The Icon: to See and to be Seen

Triumph of Orthodoxy, late 14th cen., National Icon Collection (18) British Museum

The first Sunday of Lent, the Sunday of Orthodoxy, is our first taste of the joy of the coming Resurrection. After all, every Sunday is a little Pascha, even during Lent. On this Sunday we have the special occasion to celebrate the Orthodox vindication of art as a means of ascent to God. But the Icon is more than just devotional art. It is essentially a celebration of the human face, the human person, whose dignity is revealed to us in the face of God, Jesus Christ. 

In Greek, the word prosopon means both “face” and “person.” In the Greek Old Testament this word is used extensively and is often translated as “presence.” The face indeed evokes the whole presence of the person. It is the principal means by which we relate to each other personally, as the frame of the eyes and the seat of the senses.

We often take for granted the Christian significance of the person. We understand that personhood is intrinsically related to our free, dignified, and embodied existence in time and space. But let us turn to some examples of non-Christian approaches to personhood to see how Orthodoxy stands apart. The biography of the Neoplatonic philosopher Plotinus opens up with this statement: Plotinus “seemed ashamed of being in the body. So deeply rooted was this feeling that he could never be induced to tell of his ancestry, his parentage, or his birthplace. He showed, too, an unconquerable reluctance to sit for a painter or a sculptor” (Porphyry, Life of Plotinus 1). Plotinus objected to the painting of any portrait of himself since it would be pointless to have an “image of an image.” According to him, our body is just a faint, illusory manifestation of our true, non-material, impersonal being.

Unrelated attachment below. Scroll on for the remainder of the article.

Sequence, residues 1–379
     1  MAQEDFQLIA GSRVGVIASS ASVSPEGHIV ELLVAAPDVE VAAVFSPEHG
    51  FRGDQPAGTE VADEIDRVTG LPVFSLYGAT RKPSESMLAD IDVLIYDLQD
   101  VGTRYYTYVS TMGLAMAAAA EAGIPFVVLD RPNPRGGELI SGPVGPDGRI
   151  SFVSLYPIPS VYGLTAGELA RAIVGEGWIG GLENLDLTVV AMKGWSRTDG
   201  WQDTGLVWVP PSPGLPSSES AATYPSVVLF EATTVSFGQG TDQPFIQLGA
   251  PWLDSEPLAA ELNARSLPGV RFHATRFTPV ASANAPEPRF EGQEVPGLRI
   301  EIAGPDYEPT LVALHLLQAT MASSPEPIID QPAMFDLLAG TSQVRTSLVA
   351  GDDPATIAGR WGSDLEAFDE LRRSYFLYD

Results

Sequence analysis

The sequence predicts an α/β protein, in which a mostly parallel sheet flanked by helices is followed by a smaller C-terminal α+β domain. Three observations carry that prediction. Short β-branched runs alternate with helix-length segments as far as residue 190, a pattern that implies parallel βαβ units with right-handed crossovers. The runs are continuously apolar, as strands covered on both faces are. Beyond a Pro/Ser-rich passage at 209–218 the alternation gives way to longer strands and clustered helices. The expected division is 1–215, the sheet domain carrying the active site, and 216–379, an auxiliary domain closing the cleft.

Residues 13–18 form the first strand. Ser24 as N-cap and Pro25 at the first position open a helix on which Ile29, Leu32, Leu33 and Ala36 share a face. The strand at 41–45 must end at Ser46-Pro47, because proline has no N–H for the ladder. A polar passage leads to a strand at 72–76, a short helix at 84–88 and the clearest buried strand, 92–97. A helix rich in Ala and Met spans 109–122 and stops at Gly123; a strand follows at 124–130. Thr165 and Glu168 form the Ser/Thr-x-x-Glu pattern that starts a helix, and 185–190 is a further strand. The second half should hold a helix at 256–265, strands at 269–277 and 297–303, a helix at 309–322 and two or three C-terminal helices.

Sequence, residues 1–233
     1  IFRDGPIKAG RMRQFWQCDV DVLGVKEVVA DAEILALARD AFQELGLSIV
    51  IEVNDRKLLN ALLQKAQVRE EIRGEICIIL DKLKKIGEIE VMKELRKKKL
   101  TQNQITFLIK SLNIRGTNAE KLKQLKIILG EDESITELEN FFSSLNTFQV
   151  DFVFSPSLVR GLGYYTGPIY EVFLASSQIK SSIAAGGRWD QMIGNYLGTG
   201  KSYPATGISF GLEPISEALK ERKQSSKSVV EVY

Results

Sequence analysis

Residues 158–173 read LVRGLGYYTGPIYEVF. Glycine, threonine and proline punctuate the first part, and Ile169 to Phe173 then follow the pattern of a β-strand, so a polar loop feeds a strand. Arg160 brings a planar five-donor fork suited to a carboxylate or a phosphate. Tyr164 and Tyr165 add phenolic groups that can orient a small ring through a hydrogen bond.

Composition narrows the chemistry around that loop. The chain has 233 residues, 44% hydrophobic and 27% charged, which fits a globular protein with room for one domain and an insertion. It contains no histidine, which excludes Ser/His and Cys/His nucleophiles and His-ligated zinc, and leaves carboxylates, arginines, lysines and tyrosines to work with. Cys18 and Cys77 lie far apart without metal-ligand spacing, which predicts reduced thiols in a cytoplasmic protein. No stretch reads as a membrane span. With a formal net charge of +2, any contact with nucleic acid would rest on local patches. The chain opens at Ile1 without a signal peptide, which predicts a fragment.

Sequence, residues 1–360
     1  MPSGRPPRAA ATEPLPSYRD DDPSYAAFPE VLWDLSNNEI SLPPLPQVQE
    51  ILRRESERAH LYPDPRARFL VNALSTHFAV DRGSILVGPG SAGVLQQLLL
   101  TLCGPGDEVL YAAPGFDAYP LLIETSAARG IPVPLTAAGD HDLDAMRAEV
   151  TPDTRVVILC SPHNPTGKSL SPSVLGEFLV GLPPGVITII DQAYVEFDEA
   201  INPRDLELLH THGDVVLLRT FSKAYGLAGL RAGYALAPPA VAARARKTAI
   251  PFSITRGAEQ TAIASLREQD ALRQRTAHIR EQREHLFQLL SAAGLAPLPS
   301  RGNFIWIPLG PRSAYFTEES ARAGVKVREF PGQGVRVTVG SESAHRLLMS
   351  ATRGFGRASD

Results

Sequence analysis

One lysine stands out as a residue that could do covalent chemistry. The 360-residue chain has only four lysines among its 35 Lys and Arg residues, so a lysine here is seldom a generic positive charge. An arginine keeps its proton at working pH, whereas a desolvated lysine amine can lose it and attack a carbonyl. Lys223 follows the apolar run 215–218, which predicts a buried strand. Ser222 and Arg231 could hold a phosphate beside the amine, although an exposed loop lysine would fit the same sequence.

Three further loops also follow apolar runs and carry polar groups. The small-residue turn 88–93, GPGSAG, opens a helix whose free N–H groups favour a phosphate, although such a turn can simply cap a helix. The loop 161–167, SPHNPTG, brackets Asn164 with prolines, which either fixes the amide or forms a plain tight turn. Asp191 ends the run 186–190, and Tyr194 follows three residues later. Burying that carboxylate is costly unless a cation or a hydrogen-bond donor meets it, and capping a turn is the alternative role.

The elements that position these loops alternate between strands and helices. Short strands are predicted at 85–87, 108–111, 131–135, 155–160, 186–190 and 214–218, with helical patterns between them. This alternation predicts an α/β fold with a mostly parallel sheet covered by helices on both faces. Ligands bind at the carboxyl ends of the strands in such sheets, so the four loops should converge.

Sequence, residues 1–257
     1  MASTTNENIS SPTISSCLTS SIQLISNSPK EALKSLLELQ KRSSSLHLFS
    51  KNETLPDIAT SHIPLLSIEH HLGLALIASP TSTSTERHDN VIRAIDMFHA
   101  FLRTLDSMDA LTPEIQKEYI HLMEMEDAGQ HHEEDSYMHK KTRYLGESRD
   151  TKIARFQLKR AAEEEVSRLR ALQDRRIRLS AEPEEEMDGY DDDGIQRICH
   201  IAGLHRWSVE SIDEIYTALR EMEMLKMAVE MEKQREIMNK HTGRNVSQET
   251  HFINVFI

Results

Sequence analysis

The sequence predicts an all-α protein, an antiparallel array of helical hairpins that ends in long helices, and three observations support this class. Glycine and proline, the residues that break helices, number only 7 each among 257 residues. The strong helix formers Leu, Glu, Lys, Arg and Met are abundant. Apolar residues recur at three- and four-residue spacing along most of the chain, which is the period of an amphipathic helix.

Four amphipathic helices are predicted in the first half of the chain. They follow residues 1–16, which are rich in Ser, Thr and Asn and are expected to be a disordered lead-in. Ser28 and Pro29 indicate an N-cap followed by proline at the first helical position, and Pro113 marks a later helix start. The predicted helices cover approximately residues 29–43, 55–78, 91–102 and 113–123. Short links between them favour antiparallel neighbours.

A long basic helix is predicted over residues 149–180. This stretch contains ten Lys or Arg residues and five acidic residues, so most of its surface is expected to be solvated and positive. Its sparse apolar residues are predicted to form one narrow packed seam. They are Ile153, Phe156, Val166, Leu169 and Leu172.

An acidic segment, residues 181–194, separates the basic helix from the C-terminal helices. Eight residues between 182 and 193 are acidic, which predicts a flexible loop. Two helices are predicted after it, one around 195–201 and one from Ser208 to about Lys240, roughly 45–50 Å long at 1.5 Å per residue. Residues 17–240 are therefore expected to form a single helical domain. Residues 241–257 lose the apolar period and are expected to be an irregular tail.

I remember being surprised when I saw Jewish religious art for the first time. First off, I had assumed it wasn’t even a thing, because of the Second Commandment: “Thou shalt not make unto thee any graven image” (Ex. 20:4) . But there it was, in a Jewish diner. It was a painting of the Exodus of the Israelites through the Red Sea. The most surprising thing was that none of their faces were showing. It was just their backs facing the viewer. 

Coomaraswamy, a commentator on Hindu art, says the function of Hindu art is to dispel the illusion of individual existence and be united with the Absolute. “The goal before us all is salvation from the limitation of individuality, and realization of unity with unconditioned absolute being,” he writes. By individuality he means personality.

Orthodoxy agrees with the basic principle – or rather, with the Second Commandment – that God is undepictable. Why do we depict God then? There is one major justification for iconography in Orthodox Christianity, and that is the Incarnation of Christ, in the flesh, in the body, as a human person. It is because this is how the Word chose to save us, by manifesting Himself in the body and sanctifying our humanity thereby, that we glorify Him through icons. And because the Church of the Saints is His mystical body, we celebrate them in like manner. 

The Fathers of the Seventh Ecumenical Council determined that we can depict, and we ought to celebrate, Jesus Christ in both words and images, because He Himself became fully human. He does not represent some abstract ideal of the perfect ‘human being,’ but was incarnate as the real, historical, Jewish Jesus of Nazareth. However, his incarnation as a particular man of course has universal implications, which were foretold by the prophets of old. Through our participation in the Eucharist, our collective bowing, kissing, and venerating of icons, we are woven together as Christ’s mystical body. 

As we commemorate in the Procession for the Sunday of Orthodoxy, 

Memory Eternal to them who with words sanctify their lips and their hearers by means of those words, and who both know and preach that the eyes of the beholders are similarly sanctified through them, the mind is lifted to the knowledge of God, as well as by the divine temples also, the sacred vessels, and the other precious ornaments.”